12 Tips to Turn Employee Engagement Survey Results into Increased Organization Performance
In a study conducted by Alex Edmands on the stock performance of companies listed in Fortune magazine's "100 Best Companies to Work For", companies with engaged employees returned 14 percent per year on each dollar invested, while the overall market return was only six percent per year.|
The key to increasing employee engagement is to accurately measure it and use the results to make changes that impact organization performance. We've created a list of 12 recommendations for a successful employee engagement survey process based on our experience working with hundreds of organizations over the years.
Remember that employee feedback is extremely valuable. Not only are you investing money to administer the process, but employees put a lot of thought, effort, and time into their responses. It is important to show your employees that you value their feedback and that their opinions will be used to make improvements in the organization. If you are not careful on how you administer your employee engagement survey, you can loose the support from your employees the next time you try to solicit their feedback.
The following recommendations outline steps you can take before (tips 1-6) and after (tips 7-12) the survey is taken to improve organization performance.
1. Customize the Survey: Employees are much more interested in responding to a survey that solicits their feedback on the issues that are important to them than they are in answering a standard survey. In other words, the survey needs to be relevant. Standard surveys sometimes discourage participation because employees feel that the survey does not "speak" to them and the issues they are facing.
2. Consider the Length of the Survey: We recommend using shorter surveys of 40 questions or less because they take less time to complete and still provide very useful feedback. Longer surveys lead to rater fatigue and become a burden to complete.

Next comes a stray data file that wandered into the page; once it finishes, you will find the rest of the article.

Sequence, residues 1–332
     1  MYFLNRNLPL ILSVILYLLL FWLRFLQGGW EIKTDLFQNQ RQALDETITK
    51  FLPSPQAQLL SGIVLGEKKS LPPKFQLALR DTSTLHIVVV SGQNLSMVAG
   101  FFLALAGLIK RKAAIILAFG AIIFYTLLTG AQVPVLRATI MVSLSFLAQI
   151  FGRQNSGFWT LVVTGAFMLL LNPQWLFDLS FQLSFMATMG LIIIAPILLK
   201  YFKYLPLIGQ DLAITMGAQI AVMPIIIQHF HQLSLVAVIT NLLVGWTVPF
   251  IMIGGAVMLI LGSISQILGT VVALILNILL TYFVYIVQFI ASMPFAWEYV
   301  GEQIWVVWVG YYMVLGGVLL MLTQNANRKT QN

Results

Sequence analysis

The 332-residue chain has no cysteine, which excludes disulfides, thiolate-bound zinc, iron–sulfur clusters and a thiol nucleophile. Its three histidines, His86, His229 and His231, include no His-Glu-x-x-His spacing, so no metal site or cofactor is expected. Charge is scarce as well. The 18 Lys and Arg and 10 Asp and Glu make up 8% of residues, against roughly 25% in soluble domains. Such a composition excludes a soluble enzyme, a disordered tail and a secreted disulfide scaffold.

3. Use Open-Ended Questions: Using open-ended questions helps to capture the true thoughts and suggestions from your employees. Employees appreciate the opportunity to provide feedback free-hand because they can express themselves and cover any areas that might not be addressed by the standard survey questions. We recommend using two or three open ended questions.
4. Make Participation Easy: Don’t require special login instructions or other complicated methods of administration. Make special considerations for departments or employees that work odd shifts or have other special circumstances.
5. Limit Demographic Questions: Be careful not to ask too many demographic questions (gender, tenure, department, etc.). Employees will become suspicious that their responses will be recognized and that their anonymity will be compromised.
6. Create Incentives for Participation: Many organizations offer a variety of incentives for participation. These may include a free fountain drink in the cafeteria, paid time for hourly/union employees, or other give-aways.
7. Report the Results: Reward employees for their participation by sharing a summary of the results. This tells the employee that "we heard, and we care."
8. Take Action at the Top: Employees will be more likely to participate the next time if they see that the executive team used their feedback to make changes and improvements in the organization. If you are not prepared to take action on the results, don’t ask for employee feedback.
9. Action Plan at All Levels: Every manager needs to meet with his or her direct reports to discuss the results for the team and set improvement goals. Employees need to be engaged in the action planning process to bring about change for the factors they can control as a team.
10. Communicate Actions: As an organization, be sure to let your employees know what you plan to do based on this year’s results and make sure to follow through on it. Communicate this throughout the year so that the process maintains momentum when the next survey begins.
11. Teach Engagement: The more employees and managers understand the relationship of engagement to business metrics, the more likely they are to see value in this process.
12. Hold Managers Accountable: Require a team action plan from each manager and monitor progress by incorporating these plans into their yearly performance review goals.
If you are starting an employee survey process for the first time, keep in mind that it can take some time to get buy-in and participation from all leaders in the action planning process. You may have some reluctant managers during the first year. These managers become convinced by the second year as they see their peers using the results effectively to increase performance. The key is to be consistent in following the steps above. Which leads to one last tip: Repeat the process yearly so that it becomes part of an organization culture of continuous improvement.